Perhaps we Southern Baptists need to refocus our preaching and teaching on a Biblical anthropology. The Baptist Faith and Message states that “Through the temptation of Satan man transgressed the command of God, and fell from his original innocence whereby his posterity inherit a nature and an environment inclined toward sin. Therefore, as soon as they are capable of moral action, they become transgressors and are under condemnation.”
Man is not innocent. We have inherited a nature and an environment inclined toward sin. The battle in our culture is a battle over anthropology. Is mankind innately good or inclined toward sin? Are we innocent and pure or are we “transgressors” and “under condemnation?”
Perhaps instead of trying to become like the culture in an attempt to influence it, we should stand prophetically apart from the culture and speak truth to its illusions about mankind. The church should boldly proclaim that all is not well with humanity, that the heart is deceitful and wicked, and that all are in need of redemption.
Through the years I heard the argument repeated over and over that our methodology or our ways of “doing church” must change to reach a new generation. I’m not opposed to new ideas, creative programs, and innovative methods. But could it be that those in the culture have seen our new methodology and have mistaken it for a new theology. Perhaps a watered down theology.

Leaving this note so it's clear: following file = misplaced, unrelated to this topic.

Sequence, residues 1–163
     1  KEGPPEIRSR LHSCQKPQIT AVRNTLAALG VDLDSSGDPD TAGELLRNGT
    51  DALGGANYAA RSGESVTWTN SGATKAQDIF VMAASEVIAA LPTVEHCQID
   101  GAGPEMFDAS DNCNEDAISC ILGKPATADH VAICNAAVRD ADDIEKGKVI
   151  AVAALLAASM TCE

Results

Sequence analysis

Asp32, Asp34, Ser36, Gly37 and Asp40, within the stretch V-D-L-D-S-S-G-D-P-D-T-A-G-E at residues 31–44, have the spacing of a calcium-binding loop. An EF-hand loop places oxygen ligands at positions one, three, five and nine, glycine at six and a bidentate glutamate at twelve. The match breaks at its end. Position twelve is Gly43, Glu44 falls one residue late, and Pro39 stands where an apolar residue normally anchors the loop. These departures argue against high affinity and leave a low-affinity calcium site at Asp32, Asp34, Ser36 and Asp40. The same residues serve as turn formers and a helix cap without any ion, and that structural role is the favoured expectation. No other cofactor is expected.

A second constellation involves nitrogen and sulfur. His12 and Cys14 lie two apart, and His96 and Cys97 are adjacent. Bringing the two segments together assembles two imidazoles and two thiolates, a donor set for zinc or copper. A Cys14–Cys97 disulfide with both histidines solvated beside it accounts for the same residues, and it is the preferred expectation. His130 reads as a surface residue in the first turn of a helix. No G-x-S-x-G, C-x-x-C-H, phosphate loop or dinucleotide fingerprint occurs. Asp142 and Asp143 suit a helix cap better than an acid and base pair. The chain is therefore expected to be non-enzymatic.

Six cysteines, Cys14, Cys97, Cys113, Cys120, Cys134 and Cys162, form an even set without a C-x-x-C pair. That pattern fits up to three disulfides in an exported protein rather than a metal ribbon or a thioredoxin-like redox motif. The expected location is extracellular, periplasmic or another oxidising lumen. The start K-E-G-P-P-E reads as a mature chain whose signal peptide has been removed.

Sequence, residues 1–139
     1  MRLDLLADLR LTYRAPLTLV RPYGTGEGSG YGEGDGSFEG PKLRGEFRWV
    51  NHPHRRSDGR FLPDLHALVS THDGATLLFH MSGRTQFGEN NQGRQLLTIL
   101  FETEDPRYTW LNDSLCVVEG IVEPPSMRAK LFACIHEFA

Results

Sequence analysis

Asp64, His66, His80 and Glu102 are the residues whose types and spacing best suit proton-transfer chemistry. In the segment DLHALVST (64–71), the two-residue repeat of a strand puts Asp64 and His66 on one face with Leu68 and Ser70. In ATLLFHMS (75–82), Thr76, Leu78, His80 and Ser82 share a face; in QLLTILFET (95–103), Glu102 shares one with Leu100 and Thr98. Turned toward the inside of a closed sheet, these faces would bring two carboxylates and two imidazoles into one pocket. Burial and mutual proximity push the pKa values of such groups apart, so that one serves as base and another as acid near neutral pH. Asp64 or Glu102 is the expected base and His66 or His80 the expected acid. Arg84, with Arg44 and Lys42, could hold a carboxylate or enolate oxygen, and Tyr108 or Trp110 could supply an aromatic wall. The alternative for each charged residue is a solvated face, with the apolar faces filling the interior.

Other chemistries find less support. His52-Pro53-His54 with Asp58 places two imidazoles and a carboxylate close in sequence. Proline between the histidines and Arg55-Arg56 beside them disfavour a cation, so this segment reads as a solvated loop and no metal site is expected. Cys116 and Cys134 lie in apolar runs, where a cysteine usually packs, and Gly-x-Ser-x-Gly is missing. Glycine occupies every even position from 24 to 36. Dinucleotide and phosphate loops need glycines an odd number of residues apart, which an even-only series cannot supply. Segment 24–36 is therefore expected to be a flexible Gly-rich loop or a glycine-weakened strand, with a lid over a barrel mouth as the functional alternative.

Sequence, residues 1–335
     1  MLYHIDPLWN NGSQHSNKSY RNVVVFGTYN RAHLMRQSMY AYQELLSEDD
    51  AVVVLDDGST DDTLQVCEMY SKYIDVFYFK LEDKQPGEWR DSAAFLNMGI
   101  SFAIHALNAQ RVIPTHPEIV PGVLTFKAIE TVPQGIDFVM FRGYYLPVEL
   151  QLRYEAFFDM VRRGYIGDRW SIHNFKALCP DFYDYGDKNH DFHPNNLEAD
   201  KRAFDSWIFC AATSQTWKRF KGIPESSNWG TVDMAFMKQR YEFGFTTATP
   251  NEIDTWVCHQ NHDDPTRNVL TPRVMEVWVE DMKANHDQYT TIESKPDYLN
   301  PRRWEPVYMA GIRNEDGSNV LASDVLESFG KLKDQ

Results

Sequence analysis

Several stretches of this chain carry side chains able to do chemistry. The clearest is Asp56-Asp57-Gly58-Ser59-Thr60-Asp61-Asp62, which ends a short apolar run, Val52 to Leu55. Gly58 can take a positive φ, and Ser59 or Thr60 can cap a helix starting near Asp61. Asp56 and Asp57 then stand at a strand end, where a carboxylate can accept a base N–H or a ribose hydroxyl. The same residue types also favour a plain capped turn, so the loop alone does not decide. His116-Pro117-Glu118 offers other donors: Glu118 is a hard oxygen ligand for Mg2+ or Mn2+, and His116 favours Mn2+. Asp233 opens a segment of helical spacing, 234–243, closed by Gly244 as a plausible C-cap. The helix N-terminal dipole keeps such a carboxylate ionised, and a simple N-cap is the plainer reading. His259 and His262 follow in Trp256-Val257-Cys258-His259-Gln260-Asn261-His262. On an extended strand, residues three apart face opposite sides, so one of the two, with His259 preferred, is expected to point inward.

When I was getting my Bachelor’s degree in Communication, I was taught Marshall McLuhan’s theory that “the medium is the message.” His view was that the medium used to deliver a message is more important than the content of the message delivered.
For example, if I am interviewed by a television reporter and put on the evening news, many people will not accurately remember the message I shared, only the fact that I was on television. The medium (television) is the message. People will say “my pastor was on the news.” The medium overpowers the message.
Imagine a lost person enters a church. They hear a powerful band, listen to music with familiar beats, watch videos on screens that overpower their senses, and hear a sermon preached by someone dressed like themselves and peppered with movie clips and anecdotes from current events.
Could it be that our methodology (intended to reach that lost person and others in our culture) in fact overpowers the message we are desperately seeking to proclaim. The medium is the message.
I don’t claim to have the answers. But our culture does not seem to be impressed by the church’s message. Perhaps by attempting to identify with the culture in our methods, our message has gotten lost. It’s hard to argue that we aren’t much better at technology, stagecraft, dramas, video, lighting, social media, etc., than ever before. But our message is more ineffective than ever.
How do we address our spiritual malaise as Baptists? What are the answers? How do we reverse the trends?
Perhaps I’m off base in my musings. What are your thoughts? Let’s put our minds, hearts, and prayers together so that we can fulfill our calling as followers of Jesus Christ to go, reach, and win the world!
So, thanks to “The Atlantic” for taking note of we Baptists. Your article wasn’t very flattering. But at the present time, neither are we.